Is this trendy digital nomad city really worth the hype? [Boss Insurance]

Is This Trendy Digital Nomad City Really Worth The Hype?

Share the article

Last update

Digital nomadism is more than just a trend; it’s a movement that redefines how and where we travel.

Since 2020, the number of digital nomads has exploded, largely due to new fully remote options for traditional jobs that were 9-to-5 office roles before the pandemic.

With over 35 million digital nomads worldwide, travel-friendly online work attracts adventurers to visit or even live in so-called “digital nomad hotspots” all over the world.

At the crossroads between Europe and Asia is one of these popular digital nomad destinations: the legendary Istanbul.

Istanbul Hagia Sophia Sultanhamet
Is This Trendy Digital Nomad City Really Worth The Hype? [Boss Insurance] 21

Here, east meets west and tradition meets modernity. Digital nomads flock to Istanbul for the depth of culture amid modern conveniences.

With so many unique neighborhoods and an endless list of amazing things to see, many location-independent travelers choose to spend more time in this Turkish megacity.

Remote work fueled by Turkish coffee with a view of the Bosphorus looks spectacular; but does the reality live up to the hype?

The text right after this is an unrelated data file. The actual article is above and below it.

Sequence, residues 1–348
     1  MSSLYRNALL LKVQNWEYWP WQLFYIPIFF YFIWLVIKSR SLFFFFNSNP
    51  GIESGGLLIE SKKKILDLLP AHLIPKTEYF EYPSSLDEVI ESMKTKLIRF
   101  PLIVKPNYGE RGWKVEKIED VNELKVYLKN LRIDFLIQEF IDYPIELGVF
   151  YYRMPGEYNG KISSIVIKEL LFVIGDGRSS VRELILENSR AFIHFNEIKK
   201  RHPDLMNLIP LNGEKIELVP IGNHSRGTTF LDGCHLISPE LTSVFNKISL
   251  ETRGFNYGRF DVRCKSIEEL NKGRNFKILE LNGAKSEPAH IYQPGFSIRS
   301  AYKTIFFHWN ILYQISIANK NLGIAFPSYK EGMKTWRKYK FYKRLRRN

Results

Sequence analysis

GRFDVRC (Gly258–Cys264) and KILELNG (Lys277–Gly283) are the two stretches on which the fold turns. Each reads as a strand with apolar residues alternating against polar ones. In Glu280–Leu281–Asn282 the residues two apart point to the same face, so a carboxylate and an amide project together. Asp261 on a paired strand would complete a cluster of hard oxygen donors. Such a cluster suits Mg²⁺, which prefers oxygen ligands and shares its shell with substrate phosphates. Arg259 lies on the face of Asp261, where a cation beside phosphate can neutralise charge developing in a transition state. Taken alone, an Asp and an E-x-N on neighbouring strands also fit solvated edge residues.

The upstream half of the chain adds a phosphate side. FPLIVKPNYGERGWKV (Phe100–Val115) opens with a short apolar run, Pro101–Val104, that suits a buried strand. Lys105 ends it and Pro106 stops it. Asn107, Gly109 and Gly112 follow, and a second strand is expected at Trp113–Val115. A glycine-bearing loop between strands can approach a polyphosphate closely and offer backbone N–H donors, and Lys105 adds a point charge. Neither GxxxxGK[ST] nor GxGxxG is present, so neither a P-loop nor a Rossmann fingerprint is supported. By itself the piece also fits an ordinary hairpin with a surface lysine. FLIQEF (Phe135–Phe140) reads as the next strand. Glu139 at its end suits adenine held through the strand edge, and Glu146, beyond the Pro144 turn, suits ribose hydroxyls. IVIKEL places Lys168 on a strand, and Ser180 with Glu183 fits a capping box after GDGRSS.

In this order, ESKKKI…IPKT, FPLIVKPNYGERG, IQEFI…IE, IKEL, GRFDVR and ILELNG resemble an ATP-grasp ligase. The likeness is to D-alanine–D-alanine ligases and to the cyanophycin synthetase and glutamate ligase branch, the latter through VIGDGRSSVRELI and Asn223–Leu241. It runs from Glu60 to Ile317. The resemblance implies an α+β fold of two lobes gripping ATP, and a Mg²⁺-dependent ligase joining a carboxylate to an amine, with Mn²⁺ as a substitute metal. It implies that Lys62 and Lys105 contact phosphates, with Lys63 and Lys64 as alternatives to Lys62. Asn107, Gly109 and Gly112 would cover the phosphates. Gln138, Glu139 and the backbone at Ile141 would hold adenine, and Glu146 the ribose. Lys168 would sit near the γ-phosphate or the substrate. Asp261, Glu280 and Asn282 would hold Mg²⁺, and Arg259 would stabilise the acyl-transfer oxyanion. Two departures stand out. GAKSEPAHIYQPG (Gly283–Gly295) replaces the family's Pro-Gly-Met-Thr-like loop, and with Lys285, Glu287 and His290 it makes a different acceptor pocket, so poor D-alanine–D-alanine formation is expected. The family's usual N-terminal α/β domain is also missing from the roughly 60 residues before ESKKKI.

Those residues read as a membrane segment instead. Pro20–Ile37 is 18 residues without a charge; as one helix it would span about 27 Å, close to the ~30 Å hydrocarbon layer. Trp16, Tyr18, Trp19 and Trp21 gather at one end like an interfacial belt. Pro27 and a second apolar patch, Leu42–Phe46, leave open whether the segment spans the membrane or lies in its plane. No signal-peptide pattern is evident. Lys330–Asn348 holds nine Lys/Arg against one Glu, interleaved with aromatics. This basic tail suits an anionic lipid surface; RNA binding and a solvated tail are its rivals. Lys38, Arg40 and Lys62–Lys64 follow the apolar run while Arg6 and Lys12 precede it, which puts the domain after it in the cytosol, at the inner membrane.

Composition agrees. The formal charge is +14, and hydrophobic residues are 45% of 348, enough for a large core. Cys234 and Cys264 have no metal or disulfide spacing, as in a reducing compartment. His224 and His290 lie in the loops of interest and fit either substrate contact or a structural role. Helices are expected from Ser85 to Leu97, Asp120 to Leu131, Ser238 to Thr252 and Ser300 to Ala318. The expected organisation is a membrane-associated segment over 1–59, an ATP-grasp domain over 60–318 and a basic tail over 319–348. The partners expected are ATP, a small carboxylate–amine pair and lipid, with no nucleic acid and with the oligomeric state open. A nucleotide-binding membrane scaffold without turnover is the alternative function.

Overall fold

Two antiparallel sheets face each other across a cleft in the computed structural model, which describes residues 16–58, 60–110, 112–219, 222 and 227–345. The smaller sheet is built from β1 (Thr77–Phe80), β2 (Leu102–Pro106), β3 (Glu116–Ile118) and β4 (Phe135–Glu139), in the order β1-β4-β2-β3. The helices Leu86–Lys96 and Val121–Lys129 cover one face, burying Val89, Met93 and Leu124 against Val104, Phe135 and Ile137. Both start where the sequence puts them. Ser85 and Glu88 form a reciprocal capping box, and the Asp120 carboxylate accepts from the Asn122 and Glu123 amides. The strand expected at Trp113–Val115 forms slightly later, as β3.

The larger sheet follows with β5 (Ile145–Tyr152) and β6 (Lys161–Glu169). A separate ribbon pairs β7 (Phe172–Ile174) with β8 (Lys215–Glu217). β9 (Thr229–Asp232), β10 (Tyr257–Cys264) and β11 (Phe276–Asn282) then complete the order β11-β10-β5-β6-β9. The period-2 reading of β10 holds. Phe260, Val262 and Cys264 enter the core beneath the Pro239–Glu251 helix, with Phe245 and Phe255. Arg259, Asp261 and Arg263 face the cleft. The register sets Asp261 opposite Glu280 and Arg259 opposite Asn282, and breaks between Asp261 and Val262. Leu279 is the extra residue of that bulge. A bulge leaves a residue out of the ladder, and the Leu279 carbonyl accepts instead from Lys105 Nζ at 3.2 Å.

In some ways, Istanbul is a mecca for digital nomads. However, there are some serious pitfalls that make it less than ideal for remote work.

Here are the pros and cons of traveling to Istanbul as a digital nomad:

Woman In Istanbul With Bosphorus View
Is This Trendy Digital Nomad City Really Worth The Hype? [Boss Insurance] 22

Turkish coffee culture

We’ve all heard of the national obsession with Turkish tea, but that doesn’t stop Istanbul from having one of the best coffee cultures in the world.

Trendy neighborhoods like Moda and Cihangir are home to three to ten cafes per block, most of which are well suited to get the job done.

Here are some great Istanbul cafes for digital nomads:

  • Walter’s Cafe – A breaking Bad-themed cafe designed for remote working, with outlets at every table and exceptional third-wave coffee. Don’t leave without one of their decadent brownies either!
  • travel lounge – Journey’s second floor for a hidden work area is great for a long day at work, as their breakfast to dinner menu is spectacular.
  • Kava Coffee Home and Kava Coffee Roasting – This funky, bright space offers work-friendly individual seating in modern, two-story spaces in both locations. Try a Chemex and buttery treats from their bakery.
  • Cumae – The light and airy interior has many spacious and sturdy tables well suited to work.
  • History Coffee & Food – A great choice for a working brunch and seasonal specialty lattes.
  • Tiop- This plant-filled oasis has a sprawling communal table out back that’s perfect for hooking up. In addition, it is conveniently located near the main tourist sites of Galata.
  • Cukurcuma Curve – A hidden gem with WiFi as strong as its espresso, but limited seating.

Istanbul’s cafes are hubs for the thriving young professional and creative scene. Most cafes are open from morning until almost midnight, as going out for coffee and tea is an essential part of the local social fabric.

There are so many amazing cafes to work in the city that it almost makes up for the thin selections of short-term coworking spaces – but not quite.